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Scheduling of Hand Movements in Bimanual Tasks

Journal Article
ISSN: 1946-4614, e-ISSN: 1946-4622
Published June 17, 2008 by SAE International in United States
Scheduling of Hand Movements in Bimanual Tasks
Citation: Srinivasan, D. and Martin, B., "Scheduling of Hand Movements in Bimanual Tasks," SAE Int. J. Passeng. Cars - Electron. Electr. Syst. 1(1):612-620, 2009,
Language: English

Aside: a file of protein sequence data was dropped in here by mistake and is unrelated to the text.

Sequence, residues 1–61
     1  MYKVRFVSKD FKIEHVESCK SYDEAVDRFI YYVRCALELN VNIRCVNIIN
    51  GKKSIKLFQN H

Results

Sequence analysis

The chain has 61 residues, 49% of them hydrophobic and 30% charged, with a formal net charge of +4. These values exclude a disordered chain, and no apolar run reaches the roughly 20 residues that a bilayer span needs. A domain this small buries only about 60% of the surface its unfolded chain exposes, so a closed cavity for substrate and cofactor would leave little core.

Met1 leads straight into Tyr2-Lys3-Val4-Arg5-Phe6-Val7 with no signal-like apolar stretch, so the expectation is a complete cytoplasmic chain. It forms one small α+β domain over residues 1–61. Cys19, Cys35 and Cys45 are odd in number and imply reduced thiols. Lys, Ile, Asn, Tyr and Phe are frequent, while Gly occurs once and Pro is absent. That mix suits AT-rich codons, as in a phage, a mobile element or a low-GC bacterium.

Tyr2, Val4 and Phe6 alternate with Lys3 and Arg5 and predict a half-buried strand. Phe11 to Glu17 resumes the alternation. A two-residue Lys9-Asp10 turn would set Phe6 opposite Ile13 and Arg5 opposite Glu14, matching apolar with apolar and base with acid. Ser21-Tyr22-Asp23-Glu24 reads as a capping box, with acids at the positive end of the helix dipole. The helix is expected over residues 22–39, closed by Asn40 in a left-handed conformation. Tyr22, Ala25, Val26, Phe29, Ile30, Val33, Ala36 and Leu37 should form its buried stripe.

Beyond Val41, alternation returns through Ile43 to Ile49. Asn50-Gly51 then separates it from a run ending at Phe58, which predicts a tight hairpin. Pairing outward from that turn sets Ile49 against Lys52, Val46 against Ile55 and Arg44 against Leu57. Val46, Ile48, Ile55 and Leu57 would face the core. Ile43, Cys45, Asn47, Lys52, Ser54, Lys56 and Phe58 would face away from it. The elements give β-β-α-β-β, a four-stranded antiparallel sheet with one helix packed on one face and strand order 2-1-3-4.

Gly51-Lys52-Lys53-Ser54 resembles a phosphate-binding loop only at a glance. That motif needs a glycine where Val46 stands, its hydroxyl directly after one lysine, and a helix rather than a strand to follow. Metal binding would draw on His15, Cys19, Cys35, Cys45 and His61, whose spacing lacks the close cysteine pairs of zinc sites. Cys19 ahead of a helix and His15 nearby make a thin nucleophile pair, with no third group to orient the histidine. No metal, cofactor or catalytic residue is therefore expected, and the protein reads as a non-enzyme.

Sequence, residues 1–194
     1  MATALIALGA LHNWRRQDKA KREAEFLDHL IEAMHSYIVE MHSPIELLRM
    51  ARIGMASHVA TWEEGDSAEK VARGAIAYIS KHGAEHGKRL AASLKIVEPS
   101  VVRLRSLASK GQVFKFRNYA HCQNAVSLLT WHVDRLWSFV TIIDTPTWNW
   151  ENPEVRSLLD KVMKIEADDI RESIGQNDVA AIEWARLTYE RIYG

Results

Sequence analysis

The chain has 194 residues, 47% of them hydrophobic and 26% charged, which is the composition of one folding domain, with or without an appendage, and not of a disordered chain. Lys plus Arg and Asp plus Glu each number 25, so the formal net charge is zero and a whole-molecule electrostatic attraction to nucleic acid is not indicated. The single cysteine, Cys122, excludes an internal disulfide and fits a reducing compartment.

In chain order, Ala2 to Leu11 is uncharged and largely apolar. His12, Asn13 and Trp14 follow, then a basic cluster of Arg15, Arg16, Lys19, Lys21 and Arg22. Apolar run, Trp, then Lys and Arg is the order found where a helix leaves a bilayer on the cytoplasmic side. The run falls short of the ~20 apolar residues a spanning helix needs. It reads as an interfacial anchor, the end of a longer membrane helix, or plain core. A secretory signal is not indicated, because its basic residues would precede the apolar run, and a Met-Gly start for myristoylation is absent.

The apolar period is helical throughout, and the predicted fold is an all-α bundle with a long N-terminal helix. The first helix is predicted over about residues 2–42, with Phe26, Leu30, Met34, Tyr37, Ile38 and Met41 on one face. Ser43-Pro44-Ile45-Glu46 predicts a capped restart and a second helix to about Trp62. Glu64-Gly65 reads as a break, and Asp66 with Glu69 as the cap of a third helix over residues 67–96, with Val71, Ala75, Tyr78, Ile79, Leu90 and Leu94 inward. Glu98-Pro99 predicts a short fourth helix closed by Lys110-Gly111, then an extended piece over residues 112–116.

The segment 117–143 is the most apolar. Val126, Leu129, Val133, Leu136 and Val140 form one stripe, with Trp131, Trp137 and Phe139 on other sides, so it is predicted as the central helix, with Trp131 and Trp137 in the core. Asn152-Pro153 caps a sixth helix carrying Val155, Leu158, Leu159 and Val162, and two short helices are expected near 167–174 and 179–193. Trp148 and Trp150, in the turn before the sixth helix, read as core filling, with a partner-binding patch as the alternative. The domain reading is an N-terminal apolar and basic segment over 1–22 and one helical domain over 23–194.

This study investigates the organization of upper body coordination in tasks involving complex visual and manual demands. In the past, bimanual coordination has been approached in the context of symmetric or asymmetric interactions of the two hands. But routine behavior associated with work tasks requires synchronization in time and space of multiple components across multiple concurrent actions. Hence the problem of upper body coordination involves a combination of both symmetric and asymmetric modes of interaction, with a dynamic switching between the two. Although current models may explain the two modes of interaction individually, none of the existing models account for an integration of the two modes from the perspective of task performance. A pilot study was conducted in which subjects performed assembly tasks involving object transfers and manipulations with varying levels of visual and manual demands and performance constraints, such as speed and precision. The preliminary results indicate that among the many different ways in which motor tasks can be performed, the sequencing of movement components is largely influenced by the tendency to maximize synchronization between the 2 hands within the limits of task and resource constraints. Yet, hand movements are almost never concluded simultaneously, and it seems that visual feedback resources limit parallel performance of even purely symmetric motor tasks. There is always a trade-off between the precision demand of the task and the extent of affordable symmetric, parallel performance. High precision or high visual demand of task increases movement duration and also lengthens the final closed-loop phase of movements. This study is the first step in building a model that would be able to simulate any routine one/two-handed object manipulation task.